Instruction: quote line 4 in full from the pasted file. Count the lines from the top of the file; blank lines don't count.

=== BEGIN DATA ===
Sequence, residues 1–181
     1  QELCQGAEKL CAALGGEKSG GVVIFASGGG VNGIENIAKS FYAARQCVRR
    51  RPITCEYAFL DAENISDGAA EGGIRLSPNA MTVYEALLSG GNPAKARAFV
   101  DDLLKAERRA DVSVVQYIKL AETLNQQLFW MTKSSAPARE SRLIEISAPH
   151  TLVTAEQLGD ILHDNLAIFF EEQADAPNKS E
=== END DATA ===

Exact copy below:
   101  DDLLKAERRA DVSVVQYIKL AETLNQQLFW MTKSSAPARE SRLIEISAPH